Innovation lessons from Chobani

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Published on June 21, 2016 with No Comments

Occupying space Number 40 on the 50 most innovative companies of 2012 is Chobani – the Greek yogurt company. It went from zero to $700 million in sales in less than a decade while competing against established yogurt brands such as Yoplait and Dannon. Chobani’s founder, Hamdi Ulukaya, an immigrant from Turkey has been called the Steve Jobs of yogurt for taking a mundane product such as yogurt and turning it into a cash cow of sorts, in a way that’s similar to a tech startup.

But rather than take one of the numerous buyout offers, or rest on its creamy culture, Chobani is making news for even more yogurt innovation. Just yesterday Chobani SoHo debuted in New York City. There, customers can buy non-frozen yogurt in a manner that’s similar to the Cherry Berry frozen yogurt bars. Cups of Chobani yogurt can be mixed (by an in-house mixmaster) with a selection of ingredient choices including toasted coconut and pineapple, pistachio and chocolate and others. Okay, so it’s more like Coldstone Creamery meets Cherry Berry.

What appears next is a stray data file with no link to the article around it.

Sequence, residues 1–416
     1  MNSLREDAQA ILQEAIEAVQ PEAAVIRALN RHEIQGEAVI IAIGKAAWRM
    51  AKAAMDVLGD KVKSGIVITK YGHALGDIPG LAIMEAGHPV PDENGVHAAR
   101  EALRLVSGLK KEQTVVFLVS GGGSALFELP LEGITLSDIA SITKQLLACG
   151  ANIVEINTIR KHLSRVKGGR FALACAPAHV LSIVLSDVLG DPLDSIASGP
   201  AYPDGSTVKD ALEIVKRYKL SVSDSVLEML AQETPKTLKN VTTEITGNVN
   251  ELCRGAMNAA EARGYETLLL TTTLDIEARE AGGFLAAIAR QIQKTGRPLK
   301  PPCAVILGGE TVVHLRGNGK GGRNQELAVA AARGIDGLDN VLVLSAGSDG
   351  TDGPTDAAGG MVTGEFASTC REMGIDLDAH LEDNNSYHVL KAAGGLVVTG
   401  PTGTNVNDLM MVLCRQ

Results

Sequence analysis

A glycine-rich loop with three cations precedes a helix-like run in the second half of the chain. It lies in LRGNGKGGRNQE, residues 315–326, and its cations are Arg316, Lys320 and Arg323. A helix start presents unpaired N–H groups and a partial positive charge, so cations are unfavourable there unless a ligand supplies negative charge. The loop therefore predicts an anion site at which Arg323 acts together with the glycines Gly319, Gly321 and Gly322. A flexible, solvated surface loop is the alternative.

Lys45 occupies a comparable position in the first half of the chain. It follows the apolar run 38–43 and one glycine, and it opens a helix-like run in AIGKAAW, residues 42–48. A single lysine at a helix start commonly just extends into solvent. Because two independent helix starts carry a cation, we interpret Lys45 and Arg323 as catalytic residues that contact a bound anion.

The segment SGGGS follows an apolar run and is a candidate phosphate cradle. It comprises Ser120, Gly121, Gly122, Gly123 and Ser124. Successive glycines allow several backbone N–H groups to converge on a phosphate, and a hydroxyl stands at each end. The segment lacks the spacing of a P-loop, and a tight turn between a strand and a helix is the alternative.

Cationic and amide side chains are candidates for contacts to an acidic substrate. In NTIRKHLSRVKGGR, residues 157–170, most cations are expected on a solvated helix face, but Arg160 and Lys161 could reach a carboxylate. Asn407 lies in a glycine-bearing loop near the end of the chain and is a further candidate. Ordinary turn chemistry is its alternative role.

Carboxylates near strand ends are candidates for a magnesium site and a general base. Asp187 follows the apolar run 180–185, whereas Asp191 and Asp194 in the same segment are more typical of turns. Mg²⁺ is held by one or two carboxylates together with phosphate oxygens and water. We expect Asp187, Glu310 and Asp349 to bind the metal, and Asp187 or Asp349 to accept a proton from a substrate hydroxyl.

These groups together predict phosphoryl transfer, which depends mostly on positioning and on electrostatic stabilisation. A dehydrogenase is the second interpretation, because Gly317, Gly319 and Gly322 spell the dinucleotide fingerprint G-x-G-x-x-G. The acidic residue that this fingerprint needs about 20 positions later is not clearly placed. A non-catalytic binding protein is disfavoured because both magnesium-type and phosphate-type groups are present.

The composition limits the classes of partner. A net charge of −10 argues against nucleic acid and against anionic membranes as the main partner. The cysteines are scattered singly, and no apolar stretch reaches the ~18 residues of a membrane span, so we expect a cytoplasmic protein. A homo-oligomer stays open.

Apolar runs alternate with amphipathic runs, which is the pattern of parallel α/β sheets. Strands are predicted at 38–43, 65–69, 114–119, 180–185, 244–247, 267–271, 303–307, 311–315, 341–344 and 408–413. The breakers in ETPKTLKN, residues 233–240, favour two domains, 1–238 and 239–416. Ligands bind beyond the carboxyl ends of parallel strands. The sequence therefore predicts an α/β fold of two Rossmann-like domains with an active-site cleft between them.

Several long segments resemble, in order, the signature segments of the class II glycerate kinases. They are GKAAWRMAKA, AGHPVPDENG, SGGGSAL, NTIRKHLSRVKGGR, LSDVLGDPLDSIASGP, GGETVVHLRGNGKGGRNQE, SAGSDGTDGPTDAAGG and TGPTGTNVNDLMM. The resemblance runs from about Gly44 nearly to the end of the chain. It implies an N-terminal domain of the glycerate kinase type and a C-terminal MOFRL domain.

Rather than just being a cup of yogurt, Chobani will now be an experience. Going to the Chobani store could be similar to a trip to the Apple Store, except that the genius bar will be a yogurt bar. Meanwhile, Hamdi Ulukaya says that any type of company can be like Chobani by following a few simple rules. Keep the product simple and extraordinary, invest in your core such as the plant that manufactures your goods, be honest in marketing claims, focus on profits, and always let the people who are making the product know that you are there beside them – sometimes even in person.

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